Is there really snow need?
Do I really need snow tires? This time of year I get a lot of tire related questions. In this column, I will explain the differences between snow tires and all season tires and how you might benefit by putting snow tires on your vehicle.
Snow or winter tires vary in several areas from all season and summer tires. The most obvious is usually the appearance of the tread. Snow tires have a much more open tread and larger tread blocks and lugs so as to cut through the snow and allow it to clean out of the tire where it meets the road. Tread depth is usually deeper to allow more slush and snow to pack in the tread while still allowing the lugs to maintain traction. Probably the most important feature of winter tires is the "tread compound." The tread compound is the formulation of the tire’s tread rubber. In order for a tire to achieve traction in cold temperatures, the tread has to remain soft and flexible in temperatures down to zero degrees or below. Summer and all season tires begin to get too stiff in temperatures of 25 degrees and below. As the temperature gets colder, the tire’s tread gets harder and less flexible and you get the effect of, for instance, your hard rubber lawn mower wheel. If you commute or travel a lot in the winter, keep that in mind when driving at high speeds when the temperature is around zero or below. Your all season or summer tires will not stick to the road like in warm weather, which will hamper not only cornering, but also braking.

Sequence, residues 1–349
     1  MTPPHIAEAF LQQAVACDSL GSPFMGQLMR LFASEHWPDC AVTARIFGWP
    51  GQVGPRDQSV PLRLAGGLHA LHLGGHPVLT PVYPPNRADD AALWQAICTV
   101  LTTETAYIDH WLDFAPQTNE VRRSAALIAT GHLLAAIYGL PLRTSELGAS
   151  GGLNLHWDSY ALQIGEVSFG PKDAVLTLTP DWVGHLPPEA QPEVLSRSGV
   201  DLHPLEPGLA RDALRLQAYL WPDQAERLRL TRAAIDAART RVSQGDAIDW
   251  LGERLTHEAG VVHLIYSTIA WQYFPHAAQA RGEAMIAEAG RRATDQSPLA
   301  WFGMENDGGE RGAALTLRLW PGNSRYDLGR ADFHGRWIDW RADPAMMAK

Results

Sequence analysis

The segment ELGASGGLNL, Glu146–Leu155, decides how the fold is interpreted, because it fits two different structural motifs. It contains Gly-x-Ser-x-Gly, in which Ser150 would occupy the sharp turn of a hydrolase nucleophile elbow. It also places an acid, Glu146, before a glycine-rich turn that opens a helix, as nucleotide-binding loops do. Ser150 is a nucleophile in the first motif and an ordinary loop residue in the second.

What about studded snow tires? Studded snow tires provide the ultimate traction on ice and extremely hard pack conditions by incorporating tiny metal studs embedded in the tread. Driving with studded tires does create considerable noise and they don’t handle or stop as well on dry roads.
Years ago when most cars were rear wheel drive, it was common to put the snow tires only on the rear wheels. Today, the majority of the cars we drive are front or all wheel drive. The recommendation now is to put snow tires on all four wheels. By fitting four snow tires on your vehicle, the cornering and braking will be even, hopefully preventing fish tailing, wheel lock up and general unbalanced handling. Even though putting four snow tires on is a considerable investment, you now have eight tires to alternate and will get good even wear out of all of them.
Let’s take it a step further: four snow tires mounted on their own wheels. This practice has become more and more popular. By doing this you don’t have to go through the mounting and balancing twice a year. It’s much faster and less costly to swap your summer wheels out with the premounted winter ones. Stack them up out of the sun and weather and they will be good for the next season.
If you are inclined to keep all season tires on year round, just be sure you have adequate tread depth. Tread depth of below 5 or 6/32 becomes ineffective in snow. Some vehicles are just better than others in winter conditions. Many four wheel and all wheel drive cars and trucks do quite well with all season tires on them. A lot depends on where you have to travel. Commuting from Bennington to Mount Snow? You probably will need some good tires.
For safe winter driving it’s good to not only have your car checked over, but also to give your tires a good close look. It’s better to be safe than sorry.
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